Since the music industry flipped from touring to promote music to releasing music to promote touring, there has been a greater need for teams who know how to manage time on the road. Being a tour manager is often a thankless job that isn’t just making sure the artist wakes up, gets on a place and is sober enough to do a gig. TMs are much more than a glorified traveling buddy. They have to make sure the venue has everything it needs for the show, production is being shipped on time and set up in the new venue and make sure the show runs smoothly. They sleep very little and have to be on their toes for when things go wrong.
Celina Rollon is the tour manager for FKJ and Bishop Briggs, which puts her on the road most of the year. She first started in radio and then moved to Sony Music in 2008 to help coordinate big releases for the likes of Beyoncé, Taio Cruz and more.
Now she lives on the road, coordinating the details of complex tours involving headline shows, festivals and more. Read on our new Industry Insider to learn more about the craft and the hidden challenges of this grueling job.
How did you get into the music business? How did you get your first job?
I was listening to Galaxy 102 Manchester (now known as Capital Manchester) breakfast show and they sounded so exciting! I wanted to work there! I bet a friend that I would work for them one day and the challenge was on. At the time I was attending college full time and worked through the nights at a petrol station. I wrote a letter to Galaxy to enquire about work experience and received a letter back saying they had no opportunities and to try back in 6 months.
6 months to the day of the date of that letter, I walked into the radio station and asked to speak to the lady that signed it. I soon discovered that they sent out thousands of those letters every week and I was the only person ever to walk into the station with the letter in my hand. They told me that their position hadn’t changed; they didn’t have time to train me. I was super persistent and told them I had Fridays off college, I would work for free and do anything they needed including making cups of tea. I was 17 years old. I remember them laughing quite hard at the sheer size of my balls. They had the breakfast producer come out (one of the personalities I heard on air 6 months earlier) to interview me on the spot. Looking back, he laughed at me quite hard too.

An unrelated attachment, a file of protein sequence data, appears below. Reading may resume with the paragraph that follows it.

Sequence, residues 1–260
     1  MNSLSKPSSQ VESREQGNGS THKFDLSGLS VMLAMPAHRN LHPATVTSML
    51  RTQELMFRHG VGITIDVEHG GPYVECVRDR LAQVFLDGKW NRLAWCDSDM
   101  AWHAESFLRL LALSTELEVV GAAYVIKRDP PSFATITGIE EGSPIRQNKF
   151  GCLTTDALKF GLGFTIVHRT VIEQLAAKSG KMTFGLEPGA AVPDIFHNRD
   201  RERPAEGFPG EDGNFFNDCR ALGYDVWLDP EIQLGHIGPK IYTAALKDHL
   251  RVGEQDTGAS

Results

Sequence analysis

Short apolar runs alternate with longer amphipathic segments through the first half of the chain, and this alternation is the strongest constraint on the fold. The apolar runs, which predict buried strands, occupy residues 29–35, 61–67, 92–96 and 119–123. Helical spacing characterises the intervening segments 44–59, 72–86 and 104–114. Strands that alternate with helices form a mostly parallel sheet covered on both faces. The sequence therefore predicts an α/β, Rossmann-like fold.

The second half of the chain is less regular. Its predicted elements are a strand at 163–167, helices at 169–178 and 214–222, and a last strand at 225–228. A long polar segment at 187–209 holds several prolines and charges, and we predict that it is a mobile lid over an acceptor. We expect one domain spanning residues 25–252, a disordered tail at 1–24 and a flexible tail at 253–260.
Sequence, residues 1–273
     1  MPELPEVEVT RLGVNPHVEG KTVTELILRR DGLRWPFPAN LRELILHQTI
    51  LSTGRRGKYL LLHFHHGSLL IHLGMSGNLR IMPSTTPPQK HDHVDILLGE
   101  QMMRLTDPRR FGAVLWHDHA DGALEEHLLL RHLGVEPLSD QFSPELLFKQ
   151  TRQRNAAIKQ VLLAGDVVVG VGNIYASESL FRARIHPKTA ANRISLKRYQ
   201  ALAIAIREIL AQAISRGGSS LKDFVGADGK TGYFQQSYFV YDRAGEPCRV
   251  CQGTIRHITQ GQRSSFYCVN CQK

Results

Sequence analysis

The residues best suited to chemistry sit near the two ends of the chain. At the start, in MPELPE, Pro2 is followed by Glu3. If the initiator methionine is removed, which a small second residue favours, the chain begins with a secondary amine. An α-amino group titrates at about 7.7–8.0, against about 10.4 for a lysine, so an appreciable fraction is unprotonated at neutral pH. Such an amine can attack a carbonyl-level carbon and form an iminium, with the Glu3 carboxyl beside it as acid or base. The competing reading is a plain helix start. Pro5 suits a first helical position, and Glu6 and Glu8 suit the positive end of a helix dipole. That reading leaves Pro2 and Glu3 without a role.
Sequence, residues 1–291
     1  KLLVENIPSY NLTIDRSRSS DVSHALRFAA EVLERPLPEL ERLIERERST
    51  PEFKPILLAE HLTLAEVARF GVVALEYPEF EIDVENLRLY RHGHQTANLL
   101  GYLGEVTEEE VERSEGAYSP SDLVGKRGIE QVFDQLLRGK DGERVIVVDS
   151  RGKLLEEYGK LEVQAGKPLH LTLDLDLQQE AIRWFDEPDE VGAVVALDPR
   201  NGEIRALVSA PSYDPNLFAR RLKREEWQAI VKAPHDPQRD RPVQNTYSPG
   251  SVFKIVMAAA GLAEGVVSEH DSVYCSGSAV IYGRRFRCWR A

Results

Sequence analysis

I started work experience there the following Friday and basically shadowed every single person at the station. By week two I had a paid position as a tech operator in the evenings driving the desk, running the jingles and advertisements between the music. Every spare moment I could give, I shadowed the team. I watched over people’s shoulders and studied all the roles, Within 6 months I was covering the Breakfast Show Producer while he went on holiday. By this time, I literally could do any and every job at that station. I covered everyone’s holiday including the Assistant Program Director who had not taken a holiday in two years. I made myself indispensable by reading hundreds of pages of an editing software manual (they didn’t have Google back then!) to become only one of two people in the company capable of using it. I was editing shows, creating jingles and station IDs. By 18, I was offered a full time Radio Producer role based in Leeds covering 5 major cities in the UK (Leeds, Manchester, Newcastle, Birmingham and Bristol.) Granted it was a graveyard shift (10pm - 6am) but I was responsible for 8 hours of programming across a syndicated network for a top 40 commercial station. Dreams can come true!
What did you learn about the financial struggles of radio?
In 1999, I was poached to be part of a London based tech startup; an internet radio station called Ammo City. I gave up my promising and very secure job, packed up everything I owned and moved to London. At Ammo City, I was part of the initial studio design plus hand picked the DJs and Presenters. I went from a Top 40 station where you barely got to choose a song outside of the playlist, to be given free reign to select my own genres and presenters. After only 8 months, the bubble popped. My boss at the time took me aside and told me that they were having financial problems. She told me there was a Product Manager job at Sony Music and made an introduction. It was a whirlwind but gave me an early insight into the changing landscape of radio and lead me into 8 years working for a major record label.
The way music is released has evolved rapidly over the past 20 years. What is the biggest way it has changed in your eyes?
I was marketing cassette tapes, CDs, VHS tapes and vinyls (don’t forget the very short lived MiniDisc). The record stores were only able to carry what their space allowed. We fought for key space on the shelves. You could probably name and know every single artist on the charts. Now, technology has opened the floodgates for releasing new music. 1000’s of tracks are uploaded to distribution sites daily. There is no quality control but a lot of great music. You can now create hits on a laptop. It’s an extremely crowded and competitive space. The industry got swept up in the digital revolution. Chasing verifications, likes and engagements. Data obsession has overtaken the art. People’s attention spans are diminishing and its getting more and more difficult to target audiences and keep them engaged. Saying that….I love a challenge, so although much harder; I still love it.